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Everything posted by nevsar

  1. Thank you. Another common bird I see, and whose two sounds I know, but not this song. Hope to remember this next time on the field.
  2. Thanks a lot folks. I don't think I've ever been this confident on a wrong ID 🙂 Appreciate it.
  3. I was fairly confident it was a Northern Waterthrush. But I have some doubts now. So can someone confirm/deny? Waterthrush.m4a
  4. Thanks Benjamin for your thoughts. I haven't reported this bird to ebird yet (and I'm glad I didn't). I'll wait for more folks to chime in. I have another audio (from a different spot) which I'm more confident is a Northern Waterthrush. But I shouldn't be 🙂 So let me start another thread for that bird.
  5. Can you confirm if this is a Northern Waterthrush? Taken today (in MA). Just wanted to make sure it wasn't a yellow warbler with a different variation of its song. Northern_Waterthrush.m4a
  6. The wings don't look correct for a chimney swift. I suspect it's a European starling.
  7. Thanks everyone. I guess I still have a long way to go with learning sounds of birds, even those I see often. Interestingly, I heard the same song today on the trail. This time I scanned the tree trunk instead of the leaves. And sure enough, I saw the creeper singing.
  8. To me, it looks good for a female indigo bunting.
  9. I have some experience with their basic song, but not their calls. I'll wait for others to chime in. Thanks for your thoughts.
  10. I'm not able to put a finger on it. It did not sound like the typical, breeding warblers I'm familiar with. Any thoughts? warbler2.m4awarbler1.m4a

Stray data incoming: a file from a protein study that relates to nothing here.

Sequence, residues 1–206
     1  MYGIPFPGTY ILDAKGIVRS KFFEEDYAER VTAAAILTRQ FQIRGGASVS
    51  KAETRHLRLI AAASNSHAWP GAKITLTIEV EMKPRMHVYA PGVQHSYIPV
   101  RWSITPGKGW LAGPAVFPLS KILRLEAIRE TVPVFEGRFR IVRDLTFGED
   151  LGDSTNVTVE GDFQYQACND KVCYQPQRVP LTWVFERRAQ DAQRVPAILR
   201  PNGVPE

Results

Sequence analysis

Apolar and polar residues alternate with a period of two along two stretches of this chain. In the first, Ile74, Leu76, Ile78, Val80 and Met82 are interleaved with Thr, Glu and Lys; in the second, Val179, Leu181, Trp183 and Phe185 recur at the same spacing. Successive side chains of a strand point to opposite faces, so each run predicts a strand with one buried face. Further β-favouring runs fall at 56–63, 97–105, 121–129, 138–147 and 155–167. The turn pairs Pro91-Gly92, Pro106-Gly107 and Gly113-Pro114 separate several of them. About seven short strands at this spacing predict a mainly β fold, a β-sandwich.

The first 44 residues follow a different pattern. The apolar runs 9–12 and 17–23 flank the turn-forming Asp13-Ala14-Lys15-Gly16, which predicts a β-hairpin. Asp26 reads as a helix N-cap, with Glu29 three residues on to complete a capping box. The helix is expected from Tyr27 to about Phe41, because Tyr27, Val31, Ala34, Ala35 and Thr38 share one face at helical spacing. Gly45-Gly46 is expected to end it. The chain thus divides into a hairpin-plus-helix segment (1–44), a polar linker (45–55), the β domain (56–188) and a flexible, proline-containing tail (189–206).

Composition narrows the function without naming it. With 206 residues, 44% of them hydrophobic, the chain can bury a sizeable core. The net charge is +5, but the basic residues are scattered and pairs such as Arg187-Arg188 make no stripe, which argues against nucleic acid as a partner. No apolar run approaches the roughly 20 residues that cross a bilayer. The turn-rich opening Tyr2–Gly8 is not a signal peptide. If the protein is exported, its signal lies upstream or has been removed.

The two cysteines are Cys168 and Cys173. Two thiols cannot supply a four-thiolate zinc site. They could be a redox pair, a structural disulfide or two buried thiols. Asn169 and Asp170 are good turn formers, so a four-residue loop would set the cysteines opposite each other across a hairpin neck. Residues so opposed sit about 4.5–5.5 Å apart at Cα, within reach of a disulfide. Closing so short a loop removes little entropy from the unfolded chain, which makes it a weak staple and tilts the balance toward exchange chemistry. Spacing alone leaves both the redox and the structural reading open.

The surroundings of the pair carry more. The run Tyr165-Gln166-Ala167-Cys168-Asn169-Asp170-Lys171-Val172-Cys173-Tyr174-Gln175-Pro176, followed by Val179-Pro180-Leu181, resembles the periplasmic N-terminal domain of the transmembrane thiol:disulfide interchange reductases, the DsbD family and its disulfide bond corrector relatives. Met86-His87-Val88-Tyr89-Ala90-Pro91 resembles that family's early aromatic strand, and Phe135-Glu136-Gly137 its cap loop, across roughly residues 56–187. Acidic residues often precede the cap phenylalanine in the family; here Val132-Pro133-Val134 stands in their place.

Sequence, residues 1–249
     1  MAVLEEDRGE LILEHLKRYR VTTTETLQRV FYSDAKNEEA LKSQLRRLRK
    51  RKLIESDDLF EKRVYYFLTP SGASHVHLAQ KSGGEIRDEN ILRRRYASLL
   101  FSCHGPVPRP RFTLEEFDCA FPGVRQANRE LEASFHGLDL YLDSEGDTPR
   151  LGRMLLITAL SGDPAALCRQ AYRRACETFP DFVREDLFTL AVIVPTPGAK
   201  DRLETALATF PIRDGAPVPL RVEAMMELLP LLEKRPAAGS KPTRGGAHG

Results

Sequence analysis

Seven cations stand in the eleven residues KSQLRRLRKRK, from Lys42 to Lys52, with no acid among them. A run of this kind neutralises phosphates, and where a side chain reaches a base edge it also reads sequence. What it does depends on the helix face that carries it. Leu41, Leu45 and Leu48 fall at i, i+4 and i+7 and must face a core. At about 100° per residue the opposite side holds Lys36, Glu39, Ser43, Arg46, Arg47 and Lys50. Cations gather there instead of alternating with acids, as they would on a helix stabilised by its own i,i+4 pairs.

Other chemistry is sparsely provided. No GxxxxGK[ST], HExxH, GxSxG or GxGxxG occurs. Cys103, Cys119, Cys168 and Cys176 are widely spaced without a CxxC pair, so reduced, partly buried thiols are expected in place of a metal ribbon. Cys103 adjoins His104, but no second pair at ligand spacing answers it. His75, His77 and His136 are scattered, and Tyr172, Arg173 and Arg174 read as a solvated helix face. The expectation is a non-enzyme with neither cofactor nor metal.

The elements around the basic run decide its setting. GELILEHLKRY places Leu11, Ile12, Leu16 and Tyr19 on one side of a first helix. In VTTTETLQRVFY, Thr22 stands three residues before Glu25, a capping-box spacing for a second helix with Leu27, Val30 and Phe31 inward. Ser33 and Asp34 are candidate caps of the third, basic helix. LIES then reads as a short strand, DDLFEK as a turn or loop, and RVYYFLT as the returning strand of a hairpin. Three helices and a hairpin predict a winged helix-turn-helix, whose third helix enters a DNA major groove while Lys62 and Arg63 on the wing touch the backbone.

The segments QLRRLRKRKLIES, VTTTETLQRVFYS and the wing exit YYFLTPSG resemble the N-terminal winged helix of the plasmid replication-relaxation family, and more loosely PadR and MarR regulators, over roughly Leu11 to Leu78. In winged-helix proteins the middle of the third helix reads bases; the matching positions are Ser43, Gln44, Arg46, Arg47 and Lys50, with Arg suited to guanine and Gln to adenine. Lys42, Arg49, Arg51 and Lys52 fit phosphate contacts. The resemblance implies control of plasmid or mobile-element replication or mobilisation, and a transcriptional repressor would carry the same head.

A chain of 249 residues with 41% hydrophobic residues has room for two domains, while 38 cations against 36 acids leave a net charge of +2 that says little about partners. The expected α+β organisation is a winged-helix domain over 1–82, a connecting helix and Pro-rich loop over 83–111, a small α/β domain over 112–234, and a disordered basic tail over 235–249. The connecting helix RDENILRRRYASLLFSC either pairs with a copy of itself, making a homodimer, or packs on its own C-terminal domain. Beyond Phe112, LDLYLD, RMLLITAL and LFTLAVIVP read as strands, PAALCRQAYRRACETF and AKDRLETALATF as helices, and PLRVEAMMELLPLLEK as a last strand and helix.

11. It does not sound exactly like a great horned owl, but if it's an owl, I don't think it can be anything else. If not an owl, I'm thinking its a dog 🙂 owl.m4a
  12. Hi Sneat. I listened to the song again, a few times. I agree that it does sound like a Louisiana waterthrush! I'll report that to ebird. I really appreciate your help.
  13. Louisiana Waterthrush would be a really nice bird (but an expected bird per ebird). But somehow I'm not able to associate the song with the one you linked. May be my ears are out of tune 🙂 I'll wait for a few others to chime in. I appreciate your suggestion.
  14. Not a problem. I made the same mistake myself. I was fairly convinced it was a bank swallow based on the visual. The only reason I considered the option of tree swallow was because of the location (I've never seen a bank swallow at this small pond. And I still haven't :)). Thanks again.
  15. I was told by the ebird reviewer (and after he consulted with two other experts) that this is a young tree swallow. I thought you might be interested in knowing.
  16. warbler.m4a In this audio clip, it sings twice (once around 3 sec, and then around 10 sec). I suspect it's a migrant warbler, or a breeding warbler (but not singing it's typical song), or some thrush 🙂 I'm a little lost on this one. So your help is definitely appreciated.
  17. Blackburnian.m4a The audio is named Blackburnian because that is what I was hoping for, but I think it's a black-throated blue warbler 🙂 Do you agree?
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